I had thought that once I’d escaped my mother and my past, once I’d found independence, that somehow all my fantasies and dreams would come true. It was all a lie, all a bunch of false information that we ingested from television shows, news, and school, the fallacy of a
better tomorrow. Lies.
There would be nothing better, nothing to look forward to. I knew too much. I believed I knew everything there was to know. I believed that kids like me, from violent or broken homes, couldn’t buy in to societal norms. They were lies, imposed concepts — marriage and children, houses, nine-to-five jobs — designed to keep us in line. Lines I had no use for. I lived outside of them. I wanted nothing to do with them. With anything.
I was fifteen and no longer satisfied with just starving.
In honor of National Women’s History Month, this selection comes from the book, All We Knew But Couldn’t Say, available from DunDurn Press. Purchase your copy here! Our curator for this selection is Nilsa Rivera.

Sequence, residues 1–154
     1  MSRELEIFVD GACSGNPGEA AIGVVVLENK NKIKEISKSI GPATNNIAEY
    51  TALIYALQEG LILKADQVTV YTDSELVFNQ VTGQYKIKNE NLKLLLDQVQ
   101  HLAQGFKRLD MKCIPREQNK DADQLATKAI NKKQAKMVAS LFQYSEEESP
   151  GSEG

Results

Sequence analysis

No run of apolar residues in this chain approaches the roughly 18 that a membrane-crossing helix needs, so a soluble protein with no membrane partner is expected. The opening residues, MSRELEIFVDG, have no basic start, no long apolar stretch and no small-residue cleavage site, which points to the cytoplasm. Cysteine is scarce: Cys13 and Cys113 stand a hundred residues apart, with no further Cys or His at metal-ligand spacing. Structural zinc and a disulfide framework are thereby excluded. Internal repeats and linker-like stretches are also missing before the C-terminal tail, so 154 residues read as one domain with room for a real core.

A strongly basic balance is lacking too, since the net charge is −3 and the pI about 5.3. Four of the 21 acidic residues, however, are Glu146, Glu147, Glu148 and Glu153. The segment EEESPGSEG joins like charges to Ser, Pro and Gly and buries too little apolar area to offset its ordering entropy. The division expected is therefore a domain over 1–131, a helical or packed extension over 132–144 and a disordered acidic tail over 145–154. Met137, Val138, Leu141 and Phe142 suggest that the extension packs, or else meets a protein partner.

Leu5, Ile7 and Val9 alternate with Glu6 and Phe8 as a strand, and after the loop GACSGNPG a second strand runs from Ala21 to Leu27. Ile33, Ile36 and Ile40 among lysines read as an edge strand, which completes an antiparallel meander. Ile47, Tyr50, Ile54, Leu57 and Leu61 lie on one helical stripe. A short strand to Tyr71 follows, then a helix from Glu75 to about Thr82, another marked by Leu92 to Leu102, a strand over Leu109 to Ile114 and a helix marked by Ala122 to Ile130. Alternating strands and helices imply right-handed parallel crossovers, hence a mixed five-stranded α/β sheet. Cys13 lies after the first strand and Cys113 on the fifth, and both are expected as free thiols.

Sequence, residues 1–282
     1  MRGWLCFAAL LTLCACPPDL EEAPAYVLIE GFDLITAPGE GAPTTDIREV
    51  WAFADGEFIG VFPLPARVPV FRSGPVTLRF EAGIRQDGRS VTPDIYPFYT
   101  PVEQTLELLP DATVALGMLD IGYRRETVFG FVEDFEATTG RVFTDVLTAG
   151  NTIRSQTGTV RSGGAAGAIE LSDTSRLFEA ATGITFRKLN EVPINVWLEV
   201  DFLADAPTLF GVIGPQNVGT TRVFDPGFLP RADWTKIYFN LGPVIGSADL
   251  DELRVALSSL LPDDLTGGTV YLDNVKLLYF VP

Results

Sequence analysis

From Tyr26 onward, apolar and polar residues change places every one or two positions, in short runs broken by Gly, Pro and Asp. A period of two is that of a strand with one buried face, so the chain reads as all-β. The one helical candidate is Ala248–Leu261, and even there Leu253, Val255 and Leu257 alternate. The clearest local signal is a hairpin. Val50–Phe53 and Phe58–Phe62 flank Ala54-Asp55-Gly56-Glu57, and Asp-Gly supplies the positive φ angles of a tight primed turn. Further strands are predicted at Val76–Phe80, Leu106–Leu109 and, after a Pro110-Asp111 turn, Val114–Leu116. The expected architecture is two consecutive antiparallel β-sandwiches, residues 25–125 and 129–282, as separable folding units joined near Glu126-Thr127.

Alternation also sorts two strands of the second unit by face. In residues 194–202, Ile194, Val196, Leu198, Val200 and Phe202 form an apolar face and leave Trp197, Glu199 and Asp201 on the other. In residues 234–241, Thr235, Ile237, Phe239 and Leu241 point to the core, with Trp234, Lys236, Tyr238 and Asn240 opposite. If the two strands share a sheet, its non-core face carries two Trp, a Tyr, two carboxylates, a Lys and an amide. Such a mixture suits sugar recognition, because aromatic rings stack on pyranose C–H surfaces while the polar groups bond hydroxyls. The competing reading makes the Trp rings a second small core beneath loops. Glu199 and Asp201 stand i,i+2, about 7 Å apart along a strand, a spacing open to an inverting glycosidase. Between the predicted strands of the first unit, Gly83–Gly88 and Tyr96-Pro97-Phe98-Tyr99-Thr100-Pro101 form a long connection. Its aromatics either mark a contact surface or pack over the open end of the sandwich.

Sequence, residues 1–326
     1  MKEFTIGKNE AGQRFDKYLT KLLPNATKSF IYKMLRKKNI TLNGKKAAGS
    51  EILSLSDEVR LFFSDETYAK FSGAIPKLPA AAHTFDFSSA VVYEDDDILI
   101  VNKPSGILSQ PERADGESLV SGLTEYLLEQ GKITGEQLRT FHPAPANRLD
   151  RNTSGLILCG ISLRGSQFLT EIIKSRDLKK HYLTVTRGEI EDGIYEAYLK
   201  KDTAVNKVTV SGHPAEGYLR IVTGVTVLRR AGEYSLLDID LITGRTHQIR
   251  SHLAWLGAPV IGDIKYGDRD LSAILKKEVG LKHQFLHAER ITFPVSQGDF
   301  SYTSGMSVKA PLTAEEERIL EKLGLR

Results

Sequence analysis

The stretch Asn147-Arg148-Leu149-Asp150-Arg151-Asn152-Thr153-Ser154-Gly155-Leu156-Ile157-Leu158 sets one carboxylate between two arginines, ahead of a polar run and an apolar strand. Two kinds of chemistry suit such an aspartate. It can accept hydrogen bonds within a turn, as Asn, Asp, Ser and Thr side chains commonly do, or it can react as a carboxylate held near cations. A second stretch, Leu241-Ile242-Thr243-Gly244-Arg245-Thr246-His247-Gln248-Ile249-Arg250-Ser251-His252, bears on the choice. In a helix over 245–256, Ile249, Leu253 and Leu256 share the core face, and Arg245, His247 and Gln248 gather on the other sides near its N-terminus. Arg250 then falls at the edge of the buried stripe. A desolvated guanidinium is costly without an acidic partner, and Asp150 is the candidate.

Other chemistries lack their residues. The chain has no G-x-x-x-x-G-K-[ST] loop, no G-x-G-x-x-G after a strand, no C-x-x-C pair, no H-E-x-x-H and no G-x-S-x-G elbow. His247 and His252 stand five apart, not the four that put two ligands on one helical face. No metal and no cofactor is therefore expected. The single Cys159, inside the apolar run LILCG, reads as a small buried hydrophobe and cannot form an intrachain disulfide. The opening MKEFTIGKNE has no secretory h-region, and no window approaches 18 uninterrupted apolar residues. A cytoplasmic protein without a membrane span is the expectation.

Joanne Vannicola is an Emmy award-winning actor, author, and advocate. Vannicola is the chair of outACTRAto, the LGBTQ+ committee at ACTRA Toronto, and sits on the sexual assault ad-hoc committee for women in film and television. Vannicola is the recipient of the Leslie Yeo award for volunteerism (2019), and the recipient of The Margaret Trudeau Advocacy Award (2020). Joanne founded the non-profit organization, Youth Out Loud, raising awareness about child abuse, sexual violence, youth rights, and LGBTQ+ equality. http://www.youthoutloud.ca All We Knew But Couldn’t Say, was released in June, 2019, and has been featured as the Top 21 memoirs to read in summer by Bustle magazine, and was featured on The Next Chapter by Shelagh Rogers, the Toronto Star, the Globe, CTV mornings, NOW Magazine, The Girly Club, and the Lambda Literary Reviews. They are currently co-developing a new series, and working on their second book, exploring themes of LGBTQI homelessness. You can learn more at: http://www.joannevannicola.com. Or on Twitter or Instragram: @joannevannicola
Nilsa Rivera Castro writes about women with a socio-economic disadvantage and the effect of trauma, hearing loss, homelessness, and violence in their lives. Her work has been featured in Huffington Post, 50 GS Magazine, Six Hens, The Selkie Literary Magazine, LipServices Miami, Writing Class Radio, and The Cream Literary Alliance. Follow her on Facebook, Twitter, or Instagram at @nilsawrites.
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